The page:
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Why Do Conservatives Like Sci-fi?


39 replies to this topic

#1
Tank

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The latest versions of Star Wars and Star Trek have both drawn complaints from conservatives, with cries of SJW! AGENDA! PANDERING! OMG HILARY! OMG KATHLEEN KENNEDY!

I cannot understand why some conservatives act as if this is a NEW phenomena.

Star Trek was about a socialist, utopian society that flew around space preaching equal rights. For its time it featured one of the first interracial kisses, showed a multi-cultural cast as equals, and was created by a proud atheist.

Star Wars was created by a super liberal who was anti-athoritarian, anti-fascist, and despite becoming one of the riches people on the planet, anti-lobbyist driven capitalism. Star Wars says over and over do not trust politicians, and that a conglomerate of races is better than the fascist empire of British colonizing white dudes.

Outside of Heinlein and Orson Scott Card, most literary sci-fi has been progressive and used as an allegory of social injustice. Even stories like 2001 or Frankenstein which tells us man should not wander into God's domain place the fault on the hubris of a humanity not ready for that burden, which again-- is a social commentary.

By and large, sci-fi is a genre that is pro-science, pro-equal rights, anti-bigot genre whose ideals seem pretty contrary to what a lot of fundamentalist conservatives preach.

At the very least, you'd think the moderates in for the entertainment factor would at least learn a lesson here or there.
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#2
Zerimar Nyliram

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It's not just conservatives who are tired of SJW pandering, my friend. If something fits a story, fine, but to have every sexual or gender orientation mentioned just for the sake of having it in there diminishes the quality. I've spoken to gay and transgendered people who agree with me on this. Some of them even found it condescending.

And only in science fiction does socialism lead to prosperity. ;) But seriously, Star Wars and Star Trek have been neck-and-neck with me throughout my life, with Star Wars finally winning out in my early teens. It does seem far more libertarian and less statist than Trek does, warning of totalitarianism coming about when we trade freedom for safety. My only gripe is that democracy is heralded, but hey, at least Lucas was on the right track. I didn't become an anarchist overnight, either.



#3
Metropolis

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Some of what I'm going to say I think you already know, but want to push your take anyways.

1. Most people become fans of science fiction when they are young and pre politicized. Most of the stories take us to places we can only dream of. We take the stories as is not really knowing(or caring) if there is an agenda being put forth. When we get older we notice the things we didn't before, but usually don't care because it was never a factor in our initial enjoyment.

2. If you're referring to Star Wars and Star Trek in particular, they aren't the core of what sci-fi really is. Well Star Trek is more sci-fi than Star Wars. Just because you're a huge SW fan does not necessarily make you a huge sci-fi nut. Most of the sci-fi I like falls in the sci-fantasy category.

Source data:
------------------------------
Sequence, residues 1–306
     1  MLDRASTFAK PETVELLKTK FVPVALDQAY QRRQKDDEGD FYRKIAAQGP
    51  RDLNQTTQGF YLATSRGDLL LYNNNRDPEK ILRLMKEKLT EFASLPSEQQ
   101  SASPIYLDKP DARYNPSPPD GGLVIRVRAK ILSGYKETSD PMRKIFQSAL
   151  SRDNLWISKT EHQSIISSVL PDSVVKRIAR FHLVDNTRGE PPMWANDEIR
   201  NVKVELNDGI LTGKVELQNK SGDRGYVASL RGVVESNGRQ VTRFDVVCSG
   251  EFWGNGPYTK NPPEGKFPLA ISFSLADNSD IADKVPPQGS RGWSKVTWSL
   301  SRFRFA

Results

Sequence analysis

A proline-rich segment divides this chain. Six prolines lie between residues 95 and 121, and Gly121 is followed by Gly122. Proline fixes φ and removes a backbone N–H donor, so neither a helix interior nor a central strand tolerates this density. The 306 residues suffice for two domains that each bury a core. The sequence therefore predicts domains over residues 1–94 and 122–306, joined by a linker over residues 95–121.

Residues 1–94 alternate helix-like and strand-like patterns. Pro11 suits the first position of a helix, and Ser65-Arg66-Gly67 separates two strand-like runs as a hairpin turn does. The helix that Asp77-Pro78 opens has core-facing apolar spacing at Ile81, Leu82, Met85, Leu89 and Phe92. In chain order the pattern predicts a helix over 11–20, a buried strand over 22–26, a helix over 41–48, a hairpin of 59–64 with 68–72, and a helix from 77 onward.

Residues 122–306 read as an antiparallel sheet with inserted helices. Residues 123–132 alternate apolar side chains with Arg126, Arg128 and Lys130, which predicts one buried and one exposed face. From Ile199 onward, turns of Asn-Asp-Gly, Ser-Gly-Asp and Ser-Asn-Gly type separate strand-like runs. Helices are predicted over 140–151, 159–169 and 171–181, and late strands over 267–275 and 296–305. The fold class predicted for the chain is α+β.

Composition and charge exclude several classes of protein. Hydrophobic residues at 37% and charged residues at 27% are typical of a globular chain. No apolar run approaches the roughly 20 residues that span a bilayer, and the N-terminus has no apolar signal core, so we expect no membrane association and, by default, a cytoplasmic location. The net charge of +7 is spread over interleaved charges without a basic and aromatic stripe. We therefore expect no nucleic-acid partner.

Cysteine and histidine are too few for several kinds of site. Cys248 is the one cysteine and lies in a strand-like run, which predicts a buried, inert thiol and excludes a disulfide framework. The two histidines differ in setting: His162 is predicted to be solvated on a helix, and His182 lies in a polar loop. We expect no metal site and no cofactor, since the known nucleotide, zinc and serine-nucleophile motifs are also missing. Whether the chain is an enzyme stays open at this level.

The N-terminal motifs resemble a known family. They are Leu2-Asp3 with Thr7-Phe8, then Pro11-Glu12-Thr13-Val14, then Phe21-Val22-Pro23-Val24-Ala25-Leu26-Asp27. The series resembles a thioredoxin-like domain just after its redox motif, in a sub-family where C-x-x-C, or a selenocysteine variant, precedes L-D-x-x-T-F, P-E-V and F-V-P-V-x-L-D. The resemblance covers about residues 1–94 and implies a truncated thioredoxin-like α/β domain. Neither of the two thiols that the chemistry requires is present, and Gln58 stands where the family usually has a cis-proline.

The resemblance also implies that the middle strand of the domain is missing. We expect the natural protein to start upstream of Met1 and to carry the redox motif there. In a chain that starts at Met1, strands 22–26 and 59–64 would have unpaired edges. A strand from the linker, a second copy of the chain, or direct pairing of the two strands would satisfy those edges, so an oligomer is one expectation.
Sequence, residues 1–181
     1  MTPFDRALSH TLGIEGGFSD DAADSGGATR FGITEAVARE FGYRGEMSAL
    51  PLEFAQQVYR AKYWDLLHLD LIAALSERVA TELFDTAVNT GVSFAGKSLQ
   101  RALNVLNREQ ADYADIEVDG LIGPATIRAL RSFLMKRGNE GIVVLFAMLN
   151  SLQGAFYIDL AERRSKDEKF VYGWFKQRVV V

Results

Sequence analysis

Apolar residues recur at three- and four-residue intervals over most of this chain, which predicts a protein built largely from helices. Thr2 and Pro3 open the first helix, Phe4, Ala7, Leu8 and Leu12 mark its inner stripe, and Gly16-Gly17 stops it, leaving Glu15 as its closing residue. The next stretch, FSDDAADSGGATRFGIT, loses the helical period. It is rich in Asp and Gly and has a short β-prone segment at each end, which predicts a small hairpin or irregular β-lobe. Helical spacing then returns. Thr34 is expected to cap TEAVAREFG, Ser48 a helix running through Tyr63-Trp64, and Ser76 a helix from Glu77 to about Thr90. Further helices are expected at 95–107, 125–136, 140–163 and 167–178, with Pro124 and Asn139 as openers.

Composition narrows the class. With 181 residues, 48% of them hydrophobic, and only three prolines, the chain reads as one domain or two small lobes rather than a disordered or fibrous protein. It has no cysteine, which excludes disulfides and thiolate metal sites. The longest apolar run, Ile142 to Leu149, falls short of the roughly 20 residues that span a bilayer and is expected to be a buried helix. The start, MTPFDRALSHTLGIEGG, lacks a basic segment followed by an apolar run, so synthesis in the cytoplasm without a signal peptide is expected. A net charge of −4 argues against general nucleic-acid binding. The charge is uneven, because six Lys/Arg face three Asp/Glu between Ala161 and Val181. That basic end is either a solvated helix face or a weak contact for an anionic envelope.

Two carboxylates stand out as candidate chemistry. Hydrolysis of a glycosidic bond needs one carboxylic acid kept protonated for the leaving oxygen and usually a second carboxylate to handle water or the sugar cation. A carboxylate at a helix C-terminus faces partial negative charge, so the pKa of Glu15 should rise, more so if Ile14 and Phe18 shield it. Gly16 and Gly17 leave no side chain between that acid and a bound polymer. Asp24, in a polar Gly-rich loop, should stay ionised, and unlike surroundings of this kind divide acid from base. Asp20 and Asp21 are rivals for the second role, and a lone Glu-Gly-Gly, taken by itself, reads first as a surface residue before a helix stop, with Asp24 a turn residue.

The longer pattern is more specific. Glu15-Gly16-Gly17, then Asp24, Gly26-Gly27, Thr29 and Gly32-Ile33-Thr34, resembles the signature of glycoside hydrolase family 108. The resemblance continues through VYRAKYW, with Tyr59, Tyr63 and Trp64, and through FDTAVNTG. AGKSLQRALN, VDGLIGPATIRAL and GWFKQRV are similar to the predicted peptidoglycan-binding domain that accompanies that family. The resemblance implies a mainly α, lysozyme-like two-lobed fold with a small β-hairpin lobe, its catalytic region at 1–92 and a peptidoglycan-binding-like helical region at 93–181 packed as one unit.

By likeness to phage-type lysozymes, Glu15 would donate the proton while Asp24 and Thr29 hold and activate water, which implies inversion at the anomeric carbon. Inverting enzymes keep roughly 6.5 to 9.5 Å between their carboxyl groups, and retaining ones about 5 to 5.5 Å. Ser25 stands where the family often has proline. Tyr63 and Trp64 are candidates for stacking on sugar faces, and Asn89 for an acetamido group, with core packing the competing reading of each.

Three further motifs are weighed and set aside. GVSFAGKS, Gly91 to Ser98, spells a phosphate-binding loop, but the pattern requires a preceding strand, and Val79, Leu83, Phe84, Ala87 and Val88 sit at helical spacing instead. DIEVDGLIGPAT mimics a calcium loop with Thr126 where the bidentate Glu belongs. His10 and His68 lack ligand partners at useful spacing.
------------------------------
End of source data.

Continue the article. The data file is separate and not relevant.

3. Your assertion assumes that people's complaints about SW aren't bipartisan. If it were partisan than you have something to argue. Kinda like the gun debate. If you believed everything you saw, you would think that Democrats don't own a single gun. Ever notice that athletes like to put their two cents in on social justice causes, but next to none talk about the need for more restrictive gun laws?

#4
Poe Dameron

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A couple things.

 

1.  Star Wars might have had it somewhere in the brew, but it was never prominent until a few lines in Revenge of the Sith.  There was a big bright and above all simple line between good and evil and everyone can fairly easily get behind the concept of "Don't murder entire planets".  So, I don't believe it really counts.

 

You may disagree, but I find Star Wars to be mostly there for entertainment value and overtly inserting modern politics is a distraction.

 

2.  We've reached a stage where neither side is really trying to convince the other any more about anything.  Back in the Star Trek, X-Men days, the message was sent with the hope that it would be received by the other side.  Maybe Picard has a point of view, but he takes his time to explain to me why he believes he's right.  Now that I'm older, I think some of what he said was rubbish, but I don't think less of the series for trying to persuade.

 

Today I get more of a sense of certainty within the community and active trolling of those that don't agree.  To quote someone, "We dont need them and theyre poopheads."  Whether the grammar errors meant you were partially joking or not, that is the sense I get from Hollywood in general.  There's little debate or persuasion, just a sense that a few like-minded people agreed and we all have to listen now.  Like it or be called every name in the book and get locked out in the cold for entertainment.

 

It's kinda the difference between authoritative and authoritarian parenting.  One seeks to listen and then impart their own judgement, the other just wants to beat them into line.

 

I do believe you have a sense of when such an attitude can push people away, such as your acknowledgement that making Lando pansexual probably wasn't the best way to attract people to that view.  However, I also don't think you'll deny for a second that you enjoyed that it pissed people off.  And again, it's become a bipartisan problem.



#5
Lord Darth Hunter